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Destroying creation is destroying a gift of God, pope says at audience

Vatican City

Polluting or destroying the environment is like telling God one does not like what he created and proclaimed to be good, Pope Francis said.

The Bible says that after every stage of creation, God was pleased with what he had made, the pope said Wednesday at his weekly general audience. "To destroy creation is to say to God, 'I don't like it.' "

On the other hand, he said, safeguarding creation is safeguarding a gift of God. "This must be our attitude toward creation: safeguarding it. If not, if we destroy creation, creation will destroy us. Don't forget that!"

Continuing a series of audience talks about the gifts of the Holy Spirit, Pope Francis said the gift of knowledge helps people see creation with God's eyes, recognizing its beauty and seeing it as a sign of God's love for men and women, who are the crown of his creation.

"Creation is not a property that we can dominate at our pleasure nor does it belong to only a few," he said. "Creation is a gift, a marvelous gift God has given us to care for and use for the benefit of all with great respect and gratitude."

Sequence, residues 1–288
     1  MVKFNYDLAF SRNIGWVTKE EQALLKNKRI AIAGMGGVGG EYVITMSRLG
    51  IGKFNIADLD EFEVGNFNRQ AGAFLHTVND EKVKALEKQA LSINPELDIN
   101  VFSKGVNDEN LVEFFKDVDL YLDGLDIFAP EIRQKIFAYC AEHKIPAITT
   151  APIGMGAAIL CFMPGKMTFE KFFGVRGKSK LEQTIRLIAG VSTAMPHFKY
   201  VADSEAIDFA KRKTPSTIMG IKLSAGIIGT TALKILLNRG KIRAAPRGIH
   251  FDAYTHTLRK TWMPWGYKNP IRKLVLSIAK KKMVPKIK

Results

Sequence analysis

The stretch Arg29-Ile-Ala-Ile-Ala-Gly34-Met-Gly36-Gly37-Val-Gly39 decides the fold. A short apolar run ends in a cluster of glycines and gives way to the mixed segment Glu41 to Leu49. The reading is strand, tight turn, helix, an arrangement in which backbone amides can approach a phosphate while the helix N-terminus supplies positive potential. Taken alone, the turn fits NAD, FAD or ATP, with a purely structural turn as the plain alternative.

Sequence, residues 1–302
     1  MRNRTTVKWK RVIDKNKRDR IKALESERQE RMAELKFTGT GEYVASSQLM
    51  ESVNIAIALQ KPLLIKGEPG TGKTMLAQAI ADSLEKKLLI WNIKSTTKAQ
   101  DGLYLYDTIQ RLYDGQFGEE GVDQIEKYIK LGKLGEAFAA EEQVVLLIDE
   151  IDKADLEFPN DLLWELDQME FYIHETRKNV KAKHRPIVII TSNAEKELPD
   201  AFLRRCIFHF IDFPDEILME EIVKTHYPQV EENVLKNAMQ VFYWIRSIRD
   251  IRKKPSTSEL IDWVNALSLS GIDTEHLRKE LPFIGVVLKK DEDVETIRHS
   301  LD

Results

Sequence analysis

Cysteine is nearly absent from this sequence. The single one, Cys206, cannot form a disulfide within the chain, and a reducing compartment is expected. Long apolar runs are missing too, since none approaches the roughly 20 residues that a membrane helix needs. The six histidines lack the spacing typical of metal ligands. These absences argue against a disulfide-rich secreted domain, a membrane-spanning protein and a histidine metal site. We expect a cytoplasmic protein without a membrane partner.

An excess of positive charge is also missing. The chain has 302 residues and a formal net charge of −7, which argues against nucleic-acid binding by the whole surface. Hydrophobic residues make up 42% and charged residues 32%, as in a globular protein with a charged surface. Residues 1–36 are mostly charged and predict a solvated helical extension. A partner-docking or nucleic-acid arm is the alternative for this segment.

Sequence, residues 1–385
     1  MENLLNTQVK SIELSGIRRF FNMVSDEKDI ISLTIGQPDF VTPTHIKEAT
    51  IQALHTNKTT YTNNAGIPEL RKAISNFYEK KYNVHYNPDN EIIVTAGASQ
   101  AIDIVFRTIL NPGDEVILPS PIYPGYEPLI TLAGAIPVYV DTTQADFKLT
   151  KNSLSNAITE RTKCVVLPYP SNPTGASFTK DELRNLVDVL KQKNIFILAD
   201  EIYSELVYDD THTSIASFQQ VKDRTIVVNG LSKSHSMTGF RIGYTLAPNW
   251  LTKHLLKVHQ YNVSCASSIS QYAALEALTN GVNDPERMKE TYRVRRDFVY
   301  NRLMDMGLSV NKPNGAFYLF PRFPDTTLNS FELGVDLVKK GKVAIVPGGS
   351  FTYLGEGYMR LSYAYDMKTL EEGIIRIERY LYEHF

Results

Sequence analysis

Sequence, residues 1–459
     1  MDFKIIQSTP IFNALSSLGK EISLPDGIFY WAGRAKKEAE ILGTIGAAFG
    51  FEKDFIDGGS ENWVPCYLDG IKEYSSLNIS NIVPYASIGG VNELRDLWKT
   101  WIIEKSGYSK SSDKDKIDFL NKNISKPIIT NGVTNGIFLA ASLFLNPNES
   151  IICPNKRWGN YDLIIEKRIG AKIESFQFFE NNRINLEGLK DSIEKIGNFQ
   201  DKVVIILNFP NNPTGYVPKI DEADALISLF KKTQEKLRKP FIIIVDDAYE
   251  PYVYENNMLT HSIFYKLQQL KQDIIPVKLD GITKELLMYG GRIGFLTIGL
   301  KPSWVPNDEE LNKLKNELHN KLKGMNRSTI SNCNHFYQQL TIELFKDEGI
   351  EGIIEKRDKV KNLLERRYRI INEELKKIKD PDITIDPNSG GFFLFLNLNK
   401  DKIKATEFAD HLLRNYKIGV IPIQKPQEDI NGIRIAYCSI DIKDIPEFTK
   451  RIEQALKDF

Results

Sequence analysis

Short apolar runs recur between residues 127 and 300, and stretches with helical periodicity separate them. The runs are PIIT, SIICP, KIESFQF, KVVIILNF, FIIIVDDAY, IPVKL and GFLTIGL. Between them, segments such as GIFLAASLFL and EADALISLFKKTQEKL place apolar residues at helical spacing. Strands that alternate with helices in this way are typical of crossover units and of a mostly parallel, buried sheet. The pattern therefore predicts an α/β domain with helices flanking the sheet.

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The seven gifts of the Holy Spirit -- wisdom, understanding, counsel, fortitude, knowledge, piety and fear of the Lord -- are not simply human virtues or talents, the pope said. And knowledge is not just the human capacity "to understand the reality that surrounds us and discover the laws that regulate nature and the universe."

Rather, he said, the gift of knowledge helps people understand, "through creation, the greatness of the love of God and his profound relationship with every creature."

The gift of knowledge helps people recognize that all things that are beautiful -- both things found in nature and things that are the result of human ingenuity -- speak of God, he said. "The Spirit leads us to praise the Lord from the depths of our heart and to recognize, in all that we have and all that we are, a invaluable gift of God and a sign of his infinite love for us."

At the end of the audience, Pope Francis led the recitation of the Hail Mary as a prayer for the victims of flooding in Bosnia-Herzegovina and in Serbia. He asked the international community to assist the two Balkan nations, where more than three dozen people died and tens of thousands were left homeless in late May.

Pope Francis also told the estimated 50,000 people gathered in St. Peter's Square that May 24 is the feast of Our Lady Help of Christians, a Marian feast particularly dear to Catholics in mainland China. He asked people to pray that "Catholics in China may continue to believe, to hope and to love and, in every circumstance, to be a leaven of harmonious coexistence among their fellow citizens."

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